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Re: The Opera Centre

Postby pigtown » Sun Jan 20, 2013 4:49 pm

According to the Leader the amalgamated planning department of the new local authority will be the first tenants of the Opera Centre site. They will be relocated to the old AIB building on the corner of Patrick St. and Ellen Street. This is the most modern building on the site and needs minimal work to make it habitable. I don't know how many people will be based there but it's a start at bringing people back into the city anyway.
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Re: The Opera Centre

Postby Tuborg » Thu Jan 24, 2013 5:33 pm

pigtown wrote:
I don't think a shopping proposal on the scale that was envisaged was ever viable. It would have drawn business' and customers away from the existing retail core and would have had an overall negative impact on the city centre. In my opinion, had this gone ahead and filled all of the units then people would have had little reason to go anywhere in the city.


I think you are overestimating the extent of the so called retail core if that’s even an appropriate term to use given the paucity of the current offering. Realistically Limericks shopping district currently stretches from the O’Connell Street/Roches Street junction down as far as Denmark Street along with some of the adjoining streets and laneways. Hardly what you would call expansive!

If you recall, up until 5 or so years ago Rutland Street and Lower Patrick Street were lined with a variety of businesses; retail stores, cafes etc before the misguided decision to remove the occupants before redevelopment plans were even finalised. So this portion of the city centre was/is very much part of the commercial zone.

In reality though the quality of Limericks retail line-up has evolved disappointingly since the Cruises Street project opened over 20 years ago now. William Street for example never capitalised on the momentum created along with the increased footfall in its vicinity and the opportunity to freshen up the street was lost. It has stagnated at best since.

Similarly with O'Connell Street we saw only modest investment in retail premises even throughout the excesses of the "boom" years. The former Sony centre outlet has been vacant and up for sale for a number of years at this stage. The former Fergusons chemist across the street likewise. The calibre of many businesses on the street currently is poor and significant renovation and possibly amalgamation of properties is needed to attract new, higher quality tenants. There's no sign that this is forthcoming and you can't exactly usurp the existing occupants either.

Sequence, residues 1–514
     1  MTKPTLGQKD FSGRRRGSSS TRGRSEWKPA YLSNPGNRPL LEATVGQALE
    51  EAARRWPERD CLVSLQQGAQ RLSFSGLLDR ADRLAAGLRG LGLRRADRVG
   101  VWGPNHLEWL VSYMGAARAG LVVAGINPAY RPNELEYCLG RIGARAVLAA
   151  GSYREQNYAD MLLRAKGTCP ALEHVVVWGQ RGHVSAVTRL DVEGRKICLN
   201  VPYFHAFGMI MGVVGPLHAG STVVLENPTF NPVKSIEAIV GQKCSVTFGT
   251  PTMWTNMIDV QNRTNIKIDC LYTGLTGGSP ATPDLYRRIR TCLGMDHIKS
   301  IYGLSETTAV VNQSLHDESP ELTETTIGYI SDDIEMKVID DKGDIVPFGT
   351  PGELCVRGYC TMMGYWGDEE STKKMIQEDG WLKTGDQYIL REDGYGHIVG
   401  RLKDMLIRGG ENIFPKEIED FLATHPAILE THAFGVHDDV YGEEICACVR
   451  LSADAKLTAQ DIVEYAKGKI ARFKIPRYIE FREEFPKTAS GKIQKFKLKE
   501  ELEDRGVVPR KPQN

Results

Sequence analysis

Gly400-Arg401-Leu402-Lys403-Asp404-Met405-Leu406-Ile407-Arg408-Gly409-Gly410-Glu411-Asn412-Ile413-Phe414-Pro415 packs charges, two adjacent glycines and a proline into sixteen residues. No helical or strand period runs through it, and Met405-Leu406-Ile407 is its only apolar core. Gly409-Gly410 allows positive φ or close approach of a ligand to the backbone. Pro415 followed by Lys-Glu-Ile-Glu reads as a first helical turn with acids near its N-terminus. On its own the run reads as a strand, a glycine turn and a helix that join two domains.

pigtown wrote:
It seems like I'm disagreeing with everything you say but I'm not sure that the city needs another street, not when we already have so many dead streets in the city. Also I think developments like Opera Lane and City Central really detract from a city. All of the shopfronts look the same and there is no variety. It's almost like a shopping centre.



You might not be a fan but in fairness that City Central development along with the pedestrianisation scheme completely revitalised Bedford Row. It brought high quality retail and residential accommodation along with a five star hotel to the city centre on what was a neglected and decaying site. Do you remember how dingy it looked previously? Take a look at the attachments below. :thumbdown:

The project also attracted the first significant batch of retailers in to the city centre for many years, most of them not represented in Limerick previously. All the units are fully let too. It’s clear that in order to entice quality brands in to the city centre accommodation of an appropriate size and standard is required. I believe a project similar to that on Bedford Row could work well for the opera centre site. By bringing in fresh blood and more footfall one would hope that it would provide a knock-on benefit to the city centre at large.


pigtown wrote:
What I would like to see in the site is loads of modern office space. If you consider that that any decent sized company wanting to set up in the city would probably need to build their own office building first, a large quantity of good quality office space would be a major asset. I don't believe it should be used for retail as there are plenty of sites nearer to the core that have been identified in the most recent city development plan that are suitable for large scale developments.